He was one of those men that paced the promenade, an imitation caged lion, looking out for us unsuspecting young families, and once he’d spotted us… he’d pounce. Sometimes he had a teddy bear, sometimes a monkey – once he even had a real monkey that chattered and gnashed his teeth and made my sister Caroline cry. That's her with the pudding basin hair cut and the dress made from kitchen curtains - no really.
A family holiday. Just look at us.
“Photograph of your lovely family mister? Only five bob.”
Five bob, twenty-five pence, back then you could work for half a morning to earn that much money. You could buy a Sunday joint, two gallons of petrol, forty fags, do the pools for a month, five pints of beer…
I watched my Dad hesitate before saying; “Okay,” as he reached into his pocket and counted out his hard saved holiday shillings into the hand of the greasy haired, striped blazered, light-grey-flannel trousered scavenger.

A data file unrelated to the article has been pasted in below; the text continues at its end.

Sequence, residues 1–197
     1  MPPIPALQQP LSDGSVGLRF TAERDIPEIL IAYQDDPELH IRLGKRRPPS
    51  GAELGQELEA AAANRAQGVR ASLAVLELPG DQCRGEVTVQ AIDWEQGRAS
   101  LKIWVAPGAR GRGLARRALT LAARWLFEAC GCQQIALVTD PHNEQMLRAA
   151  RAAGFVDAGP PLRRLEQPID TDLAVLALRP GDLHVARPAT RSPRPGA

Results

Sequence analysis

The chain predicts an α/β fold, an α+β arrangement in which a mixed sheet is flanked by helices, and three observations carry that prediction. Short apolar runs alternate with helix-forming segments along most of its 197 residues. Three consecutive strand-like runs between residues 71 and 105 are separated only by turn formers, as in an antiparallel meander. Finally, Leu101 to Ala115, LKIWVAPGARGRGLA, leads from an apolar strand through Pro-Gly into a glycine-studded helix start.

“Say Cheese!” He slimed through his high hyena laugh.
And just look at how we did; my Mum, my Dad, my Gran, my sisters Della and Caroline, Auntie Muriel, my Uncle Charlie’s daughter Gina, me, and of course... that bloody monkey. Did you ever see such smiley smiles?
“I’ll post it to you.” He said over his shoulder - as he walked away from the kill, still hyena laughing and already looking out for his next feed of unsuspecting meat.
And surprisingly… he did.
So here we all are on a summer’s afternoon, having our photograph taken at a price that hurt us all for weeks afterwards; but look, look deeper, see us all so simple and happy and able to keep the memory. We were all so close back then - aunties, cousins, Gran - we just spent our lives together, a family, no expectations of each other. People.
And as for the five bob stolen by that hyena? Well, maybe we had the last laugh after all.